Notwithstanding popular misconceptions, internships can (and should) involve more than memorizing coffee orders and getting familiar with the copy machine. This article explores some of the advantages to engaging interns and discusses some of the important legal considerations when doing so.
Interns can inject fresh perspective and new insight into a business. Most interns are either young professionals just launching their careers or those with an established work history who have chosen to make a career change. Both bring experiences and world views with them that, if properly utilized, can provide significant benefits to both the interns and the company that engages them.
Paid interns can also provide labor at a price point lower than what the market might otherwise call for. Companies that are experiencing economic difficulty might consider bringing on interns as a way to get work done without breaking the bank.
When businesses seek to fill a full-time position, many find interviews to be an imprecise instrument. Internships provide businesses with a way to engage in an extended vetting process whereby they are able to more accurately assess the quality of an individual's work while simultaneously getting to know them on a personal level.
Lastly, bringing on interns can be beneficial to society writ large. When properly administered, internships provide businesses a way to give back. The experience and resume boost that young professionals receive in connection with participating in an internship can alter their career trajectory and life path for the better.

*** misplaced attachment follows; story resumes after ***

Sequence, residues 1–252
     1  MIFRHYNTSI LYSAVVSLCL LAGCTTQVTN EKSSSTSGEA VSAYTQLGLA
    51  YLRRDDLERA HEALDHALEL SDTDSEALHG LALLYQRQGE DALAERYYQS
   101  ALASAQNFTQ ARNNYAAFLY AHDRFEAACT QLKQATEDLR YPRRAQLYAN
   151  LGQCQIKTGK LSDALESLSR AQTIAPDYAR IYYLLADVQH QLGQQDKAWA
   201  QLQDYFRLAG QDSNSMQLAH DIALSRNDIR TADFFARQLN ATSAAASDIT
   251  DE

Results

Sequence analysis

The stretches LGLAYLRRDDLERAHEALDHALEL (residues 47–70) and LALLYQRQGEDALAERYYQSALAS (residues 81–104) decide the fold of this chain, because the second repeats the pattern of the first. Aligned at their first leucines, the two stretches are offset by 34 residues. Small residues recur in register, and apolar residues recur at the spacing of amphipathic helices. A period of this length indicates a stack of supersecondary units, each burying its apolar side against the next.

Family businesses considering bringing on unpaid interns should carefully consider attendant legal implications. Administering an internship program in a manner inconsistent with applicable wage-and-hour laws (state and/or federal) is likely to be very expensive for a business in the long run.
Under the federal Fair Labor Standards Act (FLSA), a business that does not pay its employees at least the applicable minimum wage can be subject to weighty financial penalties that can include back pay with interest, liquidated damages equal to unpaid earnings, and attorney's fees. The FLSA empowers not only the U.S. Department of Labor (DOL) to take action against employers for wage-and-hour violations under the statute, but also allows aggrieved employees to hire their own attorney and bring suit on behalf of themselves and other similarly situated employees.
Fortunately, the DOL has issued guidance stating the circumstances under which a business may properly engage an unpaid intern rather than an employee. In this context, the DOL uses the seven factor "primary beneficiary" test to determine whether a worker is an employee or an intern. This test is a flexible "totality of the circumstances" assessment where rather than relying on any single factor as determinative, the seven factors are analyzed to determine whether a worker is an employee or an intern.
In short, the primary beneficiary test is designed to determine whether the intern or the hosting business is the primary beneficiary of the internship. The seven factors of the primary beneficiary test are:
Given the flexible and fact-bound nature of the primary beneficiary test, it is important to consult qualified legal counsel about the specifics of your company's situation before bringing on unpaid interns.